Before we dive into what managerial accounting is and how it is used, let's take a step back and recap financial accounting and how we'll use that data to transition into managerial accounting. In its most basic form, financial accounting measures transactions and communicates that information to external decision makers.
You've done a lot of measuring thus far. You learned how to analyze transactions, how to journalize transactions, how to analyze accounts and make adjustments, and specifically how to measure and report specificities about assets, liabilities, and stockholders' equity.
Of course, the way financial accountants communicate about a company is through the standardized financial statements, including the income statement and the balance sheet. Because financial data is communicated externally and used by investors and creditors to make decisions and comparisons about companies, the data must be standardized. Thus, financial accounting must follow GAAP. Financial accounting also has a secondary purpose, and that is internal decision makers, like managers,
and owners use it to make internal decisions about their companies.
So I have modified the image to show what managerial accountants do.
They use financial statements, other financial data, and non-financial data to perform analysis and then communicate the results to internal decision makers, like managers, who use the results to make decisions about the company's strategy, plans, directions, and processes.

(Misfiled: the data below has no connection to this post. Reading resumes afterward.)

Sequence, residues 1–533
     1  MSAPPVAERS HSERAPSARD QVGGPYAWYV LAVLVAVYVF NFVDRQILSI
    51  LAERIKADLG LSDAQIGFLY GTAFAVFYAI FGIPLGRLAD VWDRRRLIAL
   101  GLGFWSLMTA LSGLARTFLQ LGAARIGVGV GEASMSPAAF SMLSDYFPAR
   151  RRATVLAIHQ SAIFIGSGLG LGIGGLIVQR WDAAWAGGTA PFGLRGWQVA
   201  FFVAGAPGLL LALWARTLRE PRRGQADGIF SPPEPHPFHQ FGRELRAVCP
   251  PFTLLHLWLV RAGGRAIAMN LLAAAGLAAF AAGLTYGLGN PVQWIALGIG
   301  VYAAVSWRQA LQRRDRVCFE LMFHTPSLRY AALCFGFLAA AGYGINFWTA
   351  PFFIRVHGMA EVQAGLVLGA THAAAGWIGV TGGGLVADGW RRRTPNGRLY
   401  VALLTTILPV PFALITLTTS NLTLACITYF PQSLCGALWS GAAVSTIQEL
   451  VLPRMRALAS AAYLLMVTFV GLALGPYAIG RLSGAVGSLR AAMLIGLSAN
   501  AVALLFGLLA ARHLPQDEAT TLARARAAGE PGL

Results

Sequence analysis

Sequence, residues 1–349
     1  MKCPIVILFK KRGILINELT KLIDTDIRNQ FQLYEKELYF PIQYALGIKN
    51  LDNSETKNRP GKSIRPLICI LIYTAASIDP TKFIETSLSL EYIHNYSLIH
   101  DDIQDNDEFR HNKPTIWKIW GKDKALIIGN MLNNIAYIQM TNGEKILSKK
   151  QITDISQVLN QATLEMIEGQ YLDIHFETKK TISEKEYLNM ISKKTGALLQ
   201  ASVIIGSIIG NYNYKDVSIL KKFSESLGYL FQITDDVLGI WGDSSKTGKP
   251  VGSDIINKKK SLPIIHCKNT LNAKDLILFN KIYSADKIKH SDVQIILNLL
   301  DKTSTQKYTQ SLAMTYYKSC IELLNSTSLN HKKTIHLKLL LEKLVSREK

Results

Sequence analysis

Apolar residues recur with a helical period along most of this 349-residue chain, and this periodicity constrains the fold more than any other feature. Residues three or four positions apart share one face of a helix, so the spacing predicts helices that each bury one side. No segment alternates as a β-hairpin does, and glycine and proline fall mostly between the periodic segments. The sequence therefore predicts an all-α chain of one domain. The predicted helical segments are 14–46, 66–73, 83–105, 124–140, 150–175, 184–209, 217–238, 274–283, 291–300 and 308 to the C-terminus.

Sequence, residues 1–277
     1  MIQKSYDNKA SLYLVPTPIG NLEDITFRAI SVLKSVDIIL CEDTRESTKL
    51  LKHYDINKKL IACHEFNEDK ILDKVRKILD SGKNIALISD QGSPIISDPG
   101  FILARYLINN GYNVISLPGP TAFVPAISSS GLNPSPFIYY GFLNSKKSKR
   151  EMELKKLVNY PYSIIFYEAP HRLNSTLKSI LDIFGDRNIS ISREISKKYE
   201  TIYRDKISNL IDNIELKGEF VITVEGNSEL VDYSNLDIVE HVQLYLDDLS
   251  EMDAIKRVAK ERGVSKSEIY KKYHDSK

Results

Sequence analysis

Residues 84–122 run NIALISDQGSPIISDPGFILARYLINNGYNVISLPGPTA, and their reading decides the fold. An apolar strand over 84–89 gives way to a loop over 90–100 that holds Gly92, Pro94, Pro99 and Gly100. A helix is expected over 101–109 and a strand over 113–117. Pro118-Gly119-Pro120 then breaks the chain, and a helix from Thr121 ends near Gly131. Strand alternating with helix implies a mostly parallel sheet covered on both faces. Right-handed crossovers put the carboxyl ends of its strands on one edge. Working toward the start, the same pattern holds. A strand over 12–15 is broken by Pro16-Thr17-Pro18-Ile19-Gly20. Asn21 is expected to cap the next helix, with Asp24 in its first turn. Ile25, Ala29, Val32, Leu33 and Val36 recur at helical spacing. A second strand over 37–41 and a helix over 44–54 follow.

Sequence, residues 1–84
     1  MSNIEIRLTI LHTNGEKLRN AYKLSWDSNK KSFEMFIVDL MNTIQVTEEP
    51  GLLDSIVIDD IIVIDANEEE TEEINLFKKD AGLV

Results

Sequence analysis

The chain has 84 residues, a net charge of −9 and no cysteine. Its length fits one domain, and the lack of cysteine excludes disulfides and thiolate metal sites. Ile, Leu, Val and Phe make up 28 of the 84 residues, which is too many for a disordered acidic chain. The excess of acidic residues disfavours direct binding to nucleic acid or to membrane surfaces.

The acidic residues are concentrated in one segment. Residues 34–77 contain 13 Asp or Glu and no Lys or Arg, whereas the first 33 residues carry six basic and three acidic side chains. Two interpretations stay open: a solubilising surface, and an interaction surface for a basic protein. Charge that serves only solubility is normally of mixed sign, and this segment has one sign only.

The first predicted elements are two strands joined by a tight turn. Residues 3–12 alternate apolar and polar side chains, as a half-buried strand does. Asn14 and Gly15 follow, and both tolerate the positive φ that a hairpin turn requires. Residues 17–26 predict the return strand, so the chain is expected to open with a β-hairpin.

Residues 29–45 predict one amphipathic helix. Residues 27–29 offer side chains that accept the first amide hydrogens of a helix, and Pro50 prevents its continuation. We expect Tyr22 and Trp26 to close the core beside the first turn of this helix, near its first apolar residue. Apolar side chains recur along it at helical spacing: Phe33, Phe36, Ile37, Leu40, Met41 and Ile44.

Managerial accounting analysis doesn't follow a standardized set of guidelines like GAAP (Generally Accepted Accounting Principles) because the information isn't communicated outside the organization. The only real guideline is that the analysis meets the needs of the internal decision makers. Because of this, both financial and non-financial data might be used to inform and guide decision making. Managerial accountants communicate the analysis to internal decision makers.
Although there are no set of standard reports, there are some common managerial accounting reports, like job cost records, bill of materials, budgets, variance analysis, and capital budgeting analysis, to name a few.
Again, the purpose of managerial accounting is to support internal decision making. Some of the common decisions addressed in managerial accounting are determined product cost, forecast costs, and various short term decisions, to name a few.
Good luck. And I hope you have a fantastic experience learning about managerial accounting.